Warning Signs of Teen Drug Use

What's this?We may know the challenging statistics about teen drug use, but the majority of us are caught off guard if we discover that our child has a drug problem. Most parents believe that their child would never use drugs, and many of the warning signs of drug use can often be excused as normal teenage behavior. Here is your chance to educate yourself on the warning signs of teen drug use, so that you can, if necessary, identify and intervene with your teen early:

Change in routine. One of the biggest warning signs of drug use is a change in your teen’s daily habits. For example, a teen who begins using drugs may start to withdraw from the family, spend a lot more time with friends, sleep during the day and stay up at night, or act secretive. Of course, these are common changes for any developing teen, so parents can feel confused as to whether these are problem behaviors or simply normal teen conduct. Don’t just assume that if your teen wants to hang out with their buddies more, they are taking drugs. Look for these changes in conjunction with other signs as well.

Change in personal appearance. Look for changes in your teen’s appearance. Some drugs can cause weight gain or loss. They also can cause a lack of motivation, leading to poor hygiene. Clothing choices can also be an indicator – perhaps wearing a certain look that matches other drug users or wearing long sleeves in warm weather to cover track marks.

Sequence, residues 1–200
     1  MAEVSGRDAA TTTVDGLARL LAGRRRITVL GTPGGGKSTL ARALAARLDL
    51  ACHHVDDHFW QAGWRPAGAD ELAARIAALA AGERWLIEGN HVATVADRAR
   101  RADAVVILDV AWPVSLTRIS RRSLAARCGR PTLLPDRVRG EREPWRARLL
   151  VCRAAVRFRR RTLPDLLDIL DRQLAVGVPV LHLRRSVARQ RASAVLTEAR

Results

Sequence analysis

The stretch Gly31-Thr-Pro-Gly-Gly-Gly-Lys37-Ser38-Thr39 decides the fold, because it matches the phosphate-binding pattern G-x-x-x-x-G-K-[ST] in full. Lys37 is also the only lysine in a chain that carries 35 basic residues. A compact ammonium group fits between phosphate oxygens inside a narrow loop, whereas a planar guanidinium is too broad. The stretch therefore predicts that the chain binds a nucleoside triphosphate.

Change in attitude. Your teen’s emotional state is a good barometer for what’s going on in their life. While mood swings are common in teens, excessive swings from high to low could signal more serious problems. Some drugs can make people feel hostile, aggressive, defiant, or defensive. Additionally, another red flag is if your teen loses interest or begins expressing a negative attitude about things they previously enjoyed.

Change in peer relationships. If your teen changes social circles, take notice. Drug use can cause some teens to struggle to get along with their peers. Or, a teen may switch friends to hang out with those youth who are using drugs. If your teen has a friend that you know is using drugs, there is a strong likelihood that your teen may also be using. Get to know your teen’s friends because chances are that the way their friends behave is the way your child behaves when you’re not around.

Problems in school. Dropping grades, skipping classes, and behavior problems at school are key indicators of drug use. When teens use drugs, many lose their motivation and are no longer interested in school. If their grades fall or they lose interest in extra-curricular activities, find out the root cause. Another sign of drug use is becoming defiant with authority – parents, teachers, coaches, and even the principal. Finally, truancy is a big indicator of drug use because students will skip classes during the middle of the school day and get stoned on school grounds! A study conducted by the National Center on Addiction and Substance Abuse found that over 60% of teens reported that drugs are used, kept or sold at school and 52% said there’s a place on or near school grounds where students go during the school day to use drugs, drink or smoke cigarettes. Do not assume that their school will contact you if there is a problem. Call the school from time to time and ask for your teen’s attendance record.